Schengen area visa reforms approved

Schengen-Information-System-SIS

Under the new EU Visa Code, which had already received the informal approval of the Council of Ministers, the application process for bona fide travellers using short stay visas – staying up to 90 days in another Schengen area Member State during any 180-day period – are to become simpler; and visas will be actively linked to migration policy. The new rules require applications for short term visas to be submitted between six months in advance of the trip, rather than the current three, and 15 days; though seafarers will be allowed to submit visa applications up to nine months before they leave.

Other changes made in the new Visa Code include:

  • The fee for visa applications will increase from €60 to €80, with exemptions for students, researchers and children under the age of six and potential reductions for applicants under 18;
  • The European Commission is to reassess the newly-introduced prerequisite for travellers to purchase travel health insurance after 15 months, taking actual medical costs into consideration;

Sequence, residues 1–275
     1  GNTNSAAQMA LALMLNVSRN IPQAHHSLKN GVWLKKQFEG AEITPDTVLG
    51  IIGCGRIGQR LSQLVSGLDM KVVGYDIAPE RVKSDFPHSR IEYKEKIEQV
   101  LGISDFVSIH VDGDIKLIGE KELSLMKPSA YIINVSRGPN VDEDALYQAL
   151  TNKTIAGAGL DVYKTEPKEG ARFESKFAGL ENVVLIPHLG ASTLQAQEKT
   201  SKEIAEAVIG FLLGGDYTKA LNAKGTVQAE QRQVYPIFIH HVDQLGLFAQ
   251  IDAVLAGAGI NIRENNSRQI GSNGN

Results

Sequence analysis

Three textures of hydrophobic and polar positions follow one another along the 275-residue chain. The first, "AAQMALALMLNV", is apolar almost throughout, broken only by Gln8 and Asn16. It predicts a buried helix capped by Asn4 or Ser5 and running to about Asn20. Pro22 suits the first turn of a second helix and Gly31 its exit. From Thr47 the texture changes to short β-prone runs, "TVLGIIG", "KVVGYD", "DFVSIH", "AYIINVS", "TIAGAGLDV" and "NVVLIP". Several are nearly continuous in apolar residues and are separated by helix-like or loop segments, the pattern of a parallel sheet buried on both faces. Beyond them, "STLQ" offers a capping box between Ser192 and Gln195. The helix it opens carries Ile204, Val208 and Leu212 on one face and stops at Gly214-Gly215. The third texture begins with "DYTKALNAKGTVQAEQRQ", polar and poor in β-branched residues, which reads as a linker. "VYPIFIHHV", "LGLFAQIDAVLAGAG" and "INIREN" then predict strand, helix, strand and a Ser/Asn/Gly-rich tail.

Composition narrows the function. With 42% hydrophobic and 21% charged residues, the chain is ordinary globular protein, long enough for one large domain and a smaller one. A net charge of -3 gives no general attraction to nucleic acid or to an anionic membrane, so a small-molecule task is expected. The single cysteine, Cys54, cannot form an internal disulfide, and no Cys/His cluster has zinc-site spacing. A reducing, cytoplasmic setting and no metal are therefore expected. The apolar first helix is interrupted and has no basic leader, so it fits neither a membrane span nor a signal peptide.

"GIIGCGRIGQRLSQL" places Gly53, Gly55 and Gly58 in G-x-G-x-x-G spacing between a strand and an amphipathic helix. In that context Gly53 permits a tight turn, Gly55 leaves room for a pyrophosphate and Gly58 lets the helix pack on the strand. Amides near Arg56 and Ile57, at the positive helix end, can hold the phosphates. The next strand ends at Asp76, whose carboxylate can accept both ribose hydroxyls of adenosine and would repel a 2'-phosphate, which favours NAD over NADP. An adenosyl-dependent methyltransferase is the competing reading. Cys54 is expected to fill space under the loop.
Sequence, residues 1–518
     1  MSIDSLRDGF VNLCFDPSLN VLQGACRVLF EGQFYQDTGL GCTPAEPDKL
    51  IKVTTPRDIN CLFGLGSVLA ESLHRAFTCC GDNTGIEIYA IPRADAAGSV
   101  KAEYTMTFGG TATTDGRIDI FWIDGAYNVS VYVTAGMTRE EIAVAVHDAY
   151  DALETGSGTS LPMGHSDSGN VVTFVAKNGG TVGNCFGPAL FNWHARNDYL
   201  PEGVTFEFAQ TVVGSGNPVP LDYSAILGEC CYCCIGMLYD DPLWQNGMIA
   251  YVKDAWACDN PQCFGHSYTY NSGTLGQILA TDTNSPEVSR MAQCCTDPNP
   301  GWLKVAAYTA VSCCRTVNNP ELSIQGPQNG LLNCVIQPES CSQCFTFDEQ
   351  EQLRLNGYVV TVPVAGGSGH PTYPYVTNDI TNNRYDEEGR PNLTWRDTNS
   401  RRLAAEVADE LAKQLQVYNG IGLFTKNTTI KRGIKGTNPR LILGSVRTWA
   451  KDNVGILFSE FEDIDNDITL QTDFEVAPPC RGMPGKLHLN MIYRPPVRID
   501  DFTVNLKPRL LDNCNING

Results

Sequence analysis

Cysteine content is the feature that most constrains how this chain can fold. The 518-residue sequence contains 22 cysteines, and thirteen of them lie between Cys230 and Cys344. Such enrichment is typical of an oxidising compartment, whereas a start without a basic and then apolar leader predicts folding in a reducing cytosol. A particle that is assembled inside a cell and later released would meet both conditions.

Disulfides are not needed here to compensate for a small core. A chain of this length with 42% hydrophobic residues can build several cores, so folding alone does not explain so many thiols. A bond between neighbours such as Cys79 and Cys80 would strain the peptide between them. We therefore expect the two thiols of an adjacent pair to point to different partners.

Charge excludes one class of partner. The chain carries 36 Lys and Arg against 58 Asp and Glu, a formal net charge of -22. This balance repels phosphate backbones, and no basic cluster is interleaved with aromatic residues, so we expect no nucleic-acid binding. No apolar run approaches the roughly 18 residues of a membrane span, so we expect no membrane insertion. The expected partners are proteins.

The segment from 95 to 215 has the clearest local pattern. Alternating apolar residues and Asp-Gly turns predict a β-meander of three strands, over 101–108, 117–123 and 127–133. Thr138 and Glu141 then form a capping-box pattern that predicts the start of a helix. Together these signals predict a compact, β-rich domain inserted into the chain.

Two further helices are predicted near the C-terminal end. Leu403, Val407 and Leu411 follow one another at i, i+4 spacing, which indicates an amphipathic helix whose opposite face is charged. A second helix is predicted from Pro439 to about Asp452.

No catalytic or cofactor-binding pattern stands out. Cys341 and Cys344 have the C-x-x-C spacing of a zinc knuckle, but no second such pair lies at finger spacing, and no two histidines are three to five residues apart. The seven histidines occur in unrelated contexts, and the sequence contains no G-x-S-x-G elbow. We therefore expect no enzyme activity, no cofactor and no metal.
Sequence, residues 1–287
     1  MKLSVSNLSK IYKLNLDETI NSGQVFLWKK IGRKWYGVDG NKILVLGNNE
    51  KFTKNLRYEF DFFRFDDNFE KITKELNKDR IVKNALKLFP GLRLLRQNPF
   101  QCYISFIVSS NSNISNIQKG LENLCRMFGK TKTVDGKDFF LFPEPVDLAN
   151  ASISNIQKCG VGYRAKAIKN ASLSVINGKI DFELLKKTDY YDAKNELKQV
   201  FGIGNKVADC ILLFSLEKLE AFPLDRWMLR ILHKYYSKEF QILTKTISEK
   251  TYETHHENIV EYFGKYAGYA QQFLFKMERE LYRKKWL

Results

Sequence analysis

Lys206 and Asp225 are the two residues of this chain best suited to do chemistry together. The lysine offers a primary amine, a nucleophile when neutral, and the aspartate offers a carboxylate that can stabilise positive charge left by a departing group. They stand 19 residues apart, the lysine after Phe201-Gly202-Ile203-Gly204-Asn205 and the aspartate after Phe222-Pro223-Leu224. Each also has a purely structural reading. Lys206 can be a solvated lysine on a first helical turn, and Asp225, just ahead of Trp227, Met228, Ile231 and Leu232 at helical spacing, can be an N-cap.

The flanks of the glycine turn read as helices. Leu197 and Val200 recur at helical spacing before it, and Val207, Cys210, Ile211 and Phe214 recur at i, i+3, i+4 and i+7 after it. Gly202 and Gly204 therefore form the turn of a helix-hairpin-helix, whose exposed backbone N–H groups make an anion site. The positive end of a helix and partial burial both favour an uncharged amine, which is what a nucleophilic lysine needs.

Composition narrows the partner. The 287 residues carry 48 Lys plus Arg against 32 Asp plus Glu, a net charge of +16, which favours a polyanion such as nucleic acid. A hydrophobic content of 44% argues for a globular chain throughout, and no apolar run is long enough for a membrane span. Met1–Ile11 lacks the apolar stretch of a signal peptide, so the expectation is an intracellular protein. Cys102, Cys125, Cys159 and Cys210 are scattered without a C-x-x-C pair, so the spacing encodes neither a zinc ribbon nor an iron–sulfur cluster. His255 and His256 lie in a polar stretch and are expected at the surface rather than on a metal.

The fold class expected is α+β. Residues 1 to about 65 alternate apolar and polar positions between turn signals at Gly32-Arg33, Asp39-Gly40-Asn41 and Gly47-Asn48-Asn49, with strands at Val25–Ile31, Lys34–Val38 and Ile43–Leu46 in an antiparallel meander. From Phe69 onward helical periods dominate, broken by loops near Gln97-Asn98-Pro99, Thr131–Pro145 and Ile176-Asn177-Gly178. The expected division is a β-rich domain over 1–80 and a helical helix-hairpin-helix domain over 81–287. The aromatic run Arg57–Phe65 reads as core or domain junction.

• The Member States must coordinate with external service providers managing visa applications in non-EU countries where they do not maintain a presence; and
  • Frequent travellers may be eligible to apply for multiple entry visas.

Rapporteur Juan Fernando López Aguilar said: “After years of negotiating, we managed to reach an ambitious deal to update and simplify EU visa procedures. Our aim is to make legitimate travel for tourism, business and trade easier, whilst reinforcing internal security and establishing mechanisms to prevent abuses. We also managed to introduce positive incentives for countries cooperating in returns, and not only sanctions for those not cooperating.”

The European Commission welcomed Parliament’s decision, with Commissioner for Home Affairs, Migration and Citizenship Dimitris Avramopoulos saying: “The new rules will facilitate tourism, trade and business while enhancing our security standards to detect those who pose a threat or have no right to enter the EU. They will also help improve cooperation with non-EU countries on the return and readmission of irregular migrants.”

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